# Why does \par causes error when added within \vcenter in tkz-tab tabular [duplicate]

In this example I have issue with \par command within tkz-tab tabular

! Paragraph ended before \\tkzTabLine was complete.
\par
l.27 \tkzTabLine{,\vcenter{\hsize3cm $x$ \par
$f(x)$},} % <---- here
?

I need to add multiline text in \tkzTabLine

\documentclass[12pt]{article}
\usepackage{tkz-tab}
\begin{document}

$\vcenter{\hsize3cm$x$\par$f(x)$}$

\bigskip

\begin{tikzpicture}
\tkzTabInit {$x$ / 1 ,$f(x)$ /1}%
{$-5$,$-3$}
\tkzTabLine{,\vcenter{\hsize3cm $x$ \par  $f(x)$},} % <---- here
\end{tikzpicture}

\end{document}
• Try \endgraf instead of \par (they are the same thing, just different names). – Phelype Oleinik Jan 22 at 19:31
• Thank's @PhelypeOleinik why \par do not work, and what is the difference with \endgraph ? – Salim Bou Jan 22 at 19:35
• as Phelype says, the only difference is that it is not called \par. \par (a blank line) is not allowed in many constructs as a means of avoiding missing closing delimiters wrecking an entire document, an error is thrown at the end of the paragraph. – David Carlisle Jan 22 at 19:38
• It's a way of TeX detecting if you forgot a } in the argument of a macro (for example, define \def\test#1{(#1)} and then use \test{a\par b} or \test{a<newline><newline>b}, and then try \long\def\test#1{(#1)}). \tkzTabLine is defined as a short macro (that is, without the \long prefix), so using \par as the argument is an error. \endgraf is the same thing as \par (defined with \let\endgraf=\par), but it has a different name, so it's okay. – Phelype Oleinik Jan 22 at 19:40
• @PhelypeOleinik please can you add an answer for the issue. – Salim Bou Jan 22 at 19:56

At the time TeX was written there wasn't too many text editors with brace-matching features to catch a } you forgot somewhere, so Knuth build some ways of checking if you forgot a } before the a macro tried to grab the rest of the input file as argument. Apart from David's favourite, \outer, a macro can also be short or long.

A short macro can be defined as simply as:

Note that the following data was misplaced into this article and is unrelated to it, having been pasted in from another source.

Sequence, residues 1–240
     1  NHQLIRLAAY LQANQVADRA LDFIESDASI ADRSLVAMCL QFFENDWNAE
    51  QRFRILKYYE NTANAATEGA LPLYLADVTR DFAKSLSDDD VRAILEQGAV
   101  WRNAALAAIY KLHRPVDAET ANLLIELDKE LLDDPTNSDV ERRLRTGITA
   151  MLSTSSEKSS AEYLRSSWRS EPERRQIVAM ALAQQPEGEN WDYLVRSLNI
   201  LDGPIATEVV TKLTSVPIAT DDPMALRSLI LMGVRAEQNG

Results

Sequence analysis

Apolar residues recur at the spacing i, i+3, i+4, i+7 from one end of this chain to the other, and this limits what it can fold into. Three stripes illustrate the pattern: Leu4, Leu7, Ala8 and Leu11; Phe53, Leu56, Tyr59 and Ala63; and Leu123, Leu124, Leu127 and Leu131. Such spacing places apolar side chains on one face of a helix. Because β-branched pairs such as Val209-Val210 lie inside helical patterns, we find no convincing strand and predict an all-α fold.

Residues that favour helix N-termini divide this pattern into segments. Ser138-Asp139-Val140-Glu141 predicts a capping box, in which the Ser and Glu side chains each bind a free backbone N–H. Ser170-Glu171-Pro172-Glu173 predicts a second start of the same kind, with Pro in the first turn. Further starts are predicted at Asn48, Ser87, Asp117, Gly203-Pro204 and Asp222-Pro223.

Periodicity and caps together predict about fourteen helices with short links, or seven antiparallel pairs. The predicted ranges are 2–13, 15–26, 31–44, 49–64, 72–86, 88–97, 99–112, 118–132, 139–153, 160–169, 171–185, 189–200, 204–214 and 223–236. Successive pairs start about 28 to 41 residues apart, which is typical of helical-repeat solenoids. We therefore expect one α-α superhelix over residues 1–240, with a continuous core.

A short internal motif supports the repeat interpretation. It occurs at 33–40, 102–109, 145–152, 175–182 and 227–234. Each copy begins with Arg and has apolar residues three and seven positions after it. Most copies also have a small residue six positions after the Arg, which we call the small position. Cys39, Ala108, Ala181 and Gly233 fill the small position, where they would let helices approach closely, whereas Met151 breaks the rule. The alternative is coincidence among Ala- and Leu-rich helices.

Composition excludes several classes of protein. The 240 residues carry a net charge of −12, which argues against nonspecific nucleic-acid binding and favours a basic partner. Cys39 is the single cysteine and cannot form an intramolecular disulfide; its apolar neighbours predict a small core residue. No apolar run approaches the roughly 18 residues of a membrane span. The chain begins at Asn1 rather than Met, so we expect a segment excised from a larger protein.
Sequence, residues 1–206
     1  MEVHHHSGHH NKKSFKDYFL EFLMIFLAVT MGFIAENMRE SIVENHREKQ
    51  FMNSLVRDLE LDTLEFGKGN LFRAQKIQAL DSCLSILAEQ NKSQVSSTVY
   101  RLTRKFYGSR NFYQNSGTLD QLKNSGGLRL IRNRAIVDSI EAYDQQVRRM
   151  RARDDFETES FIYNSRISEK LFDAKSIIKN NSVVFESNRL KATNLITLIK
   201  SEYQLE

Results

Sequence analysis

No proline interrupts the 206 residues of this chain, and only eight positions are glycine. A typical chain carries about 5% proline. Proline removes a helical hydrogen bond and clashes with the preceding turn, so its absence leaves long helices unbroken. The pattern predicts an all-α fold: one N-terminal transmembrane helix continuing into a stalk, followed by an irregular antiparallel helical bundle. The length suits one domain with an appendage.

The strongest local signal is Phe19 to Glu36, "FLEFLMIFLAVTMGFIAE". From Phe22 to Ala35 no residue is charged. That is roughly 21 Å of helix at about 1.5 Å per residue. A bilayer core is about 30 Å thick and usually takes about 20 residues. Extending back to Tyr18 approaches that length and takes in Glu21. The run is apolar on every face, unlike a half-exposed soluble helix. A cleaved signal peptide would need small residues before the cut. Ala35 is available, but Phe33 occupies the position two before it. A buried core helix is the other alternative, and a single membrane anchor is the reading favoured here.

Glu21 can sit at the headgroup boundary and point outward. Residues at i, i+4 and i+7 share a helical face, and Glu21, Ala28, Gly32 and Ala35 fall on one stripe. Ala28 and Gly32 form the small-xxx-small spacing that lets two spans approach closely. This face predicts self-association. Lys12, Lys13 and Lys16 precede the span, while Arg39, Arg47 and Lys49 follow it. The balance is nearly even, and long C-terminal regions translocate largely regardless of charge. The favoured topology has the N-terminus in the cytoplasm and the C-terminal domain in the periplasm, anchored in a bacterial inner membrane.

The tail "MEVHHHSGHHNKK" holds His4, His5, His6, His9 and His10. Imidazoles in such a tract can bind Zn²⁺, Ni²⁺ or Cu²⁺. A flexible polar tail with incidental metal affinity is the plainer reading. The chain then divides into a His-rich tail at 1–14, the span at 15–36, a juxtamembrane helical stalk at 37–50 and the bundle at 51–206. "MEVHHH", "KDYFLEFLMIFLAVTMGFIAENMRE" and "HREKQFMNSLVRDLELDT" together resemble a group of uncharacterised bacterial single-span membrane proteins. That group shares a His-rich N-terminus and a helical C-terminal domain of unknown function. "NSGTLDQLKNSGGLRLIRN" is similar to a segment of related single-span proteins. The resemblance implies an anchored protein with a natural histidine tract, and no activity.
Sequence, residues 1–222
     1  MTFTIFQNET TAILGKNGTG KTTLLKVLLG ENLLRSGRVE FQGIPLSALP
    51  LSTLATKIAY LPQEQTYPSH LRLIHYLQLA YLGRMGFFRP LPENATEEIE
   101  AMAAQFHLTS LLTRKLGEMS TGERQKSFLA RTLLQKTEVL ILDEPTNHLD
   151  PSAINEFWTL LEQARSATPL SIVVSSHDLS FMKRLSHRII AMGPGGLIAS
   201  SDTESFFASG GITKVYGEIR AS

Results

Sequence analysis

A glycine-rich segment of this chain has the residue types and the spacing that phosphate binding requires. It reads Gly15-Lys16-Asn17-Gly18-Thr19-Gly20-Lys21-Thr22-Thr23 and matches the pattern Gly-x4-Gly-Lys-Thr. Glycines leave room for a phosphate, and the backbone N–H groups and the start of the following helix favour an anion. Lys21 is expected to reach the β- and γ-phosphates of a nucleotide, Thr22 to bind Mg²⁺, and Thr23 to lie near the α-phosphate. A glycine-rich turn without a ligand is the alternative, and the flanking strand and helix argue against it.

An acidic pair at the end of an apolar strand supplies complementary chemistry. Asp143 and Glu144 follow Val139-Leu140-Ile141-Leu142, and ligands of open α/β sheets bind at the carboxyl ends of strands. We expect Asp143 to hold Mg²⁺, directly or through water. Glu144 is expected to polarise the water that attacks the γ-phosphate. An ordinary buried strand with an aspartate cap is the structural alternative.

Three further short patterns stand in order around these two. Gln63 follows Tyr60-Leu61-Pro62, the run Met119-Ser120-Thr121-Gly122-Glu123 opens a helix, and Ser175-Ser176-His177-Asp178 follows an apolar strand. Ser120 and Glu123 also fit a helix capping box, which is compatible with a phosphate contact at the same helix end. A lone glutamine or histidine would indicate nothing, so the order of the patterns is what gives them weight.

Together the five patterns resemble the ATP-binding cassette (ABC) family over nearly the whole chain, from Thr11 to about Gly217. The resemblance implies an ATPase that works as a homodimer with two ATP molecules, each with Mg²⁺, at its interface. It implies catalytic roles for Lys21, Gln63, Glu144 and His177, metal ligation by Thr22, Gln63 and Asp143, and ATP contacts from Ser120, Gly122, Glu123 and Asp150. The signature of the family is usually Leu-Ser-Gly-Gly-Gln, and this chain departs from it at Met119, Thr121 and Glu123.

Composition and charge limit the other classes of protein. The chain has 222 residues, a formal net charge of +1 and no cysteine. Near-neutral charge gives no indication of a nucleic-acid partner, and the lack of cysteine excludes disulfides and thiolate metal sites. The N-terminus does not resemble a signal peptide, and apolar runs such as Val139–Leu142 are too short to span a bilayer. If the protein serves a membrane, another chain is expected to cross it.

\def\test#1{(#1)}

but then if you forget a }:

\test{a % missing } here

boom!}

TeX will raise that exact same error:

Runaway argument?
{a
! Paragraph ended before \test was complete.
\par
l.3

?

The same macro call would not raise that error if you defined \test as a long macro:

\long\def\test#1{(#1)}

However TeX's scanner does not look for something that means a paragraph break, it just looks for a \par token, so LaTeX (and also plain TeX) provides you with \endgraf, which is a copy of \par defined as:

\let\endgraf=\par

You could also trick TeX by using \csname par\endcsname instead, or something else that would hide the \par token.


Just for completeness, if you are defining the macro yourself and you are using xparse, then you need the + modifier to make the argument long, like in:

\NewDocumentCommand \test {+m} {(#1)}
• I should downvote for the \outer comment:-) – David Carlisle Jan 22 at 20:22
• @DavidCarlisle But then it would be an \outer\downvote, and we don't support that in LaTeX ;-) – Phelype Oleinik Jan 22 at 20:27

Phelype explained why \par is forbidden there. But there is a simpler way out.

\documentclass[12pt]{article}
\usepackage{tkz-tab,array}
\begin{document}

\begin{tikzpicture}
\tkzTabInit {$x$ / 1 ,$f(x)$ /1}%
{$-5$,$-3$}
\tkzTabLine{,\parbox{3cm}{$x$\\ $f(x)$},}
\end{tikzpicture}

\end{document}

• Actually compiling the code and seeing what it does is said to be a good idea ;-) – Phelype Oleinik Jan 22 at 23:37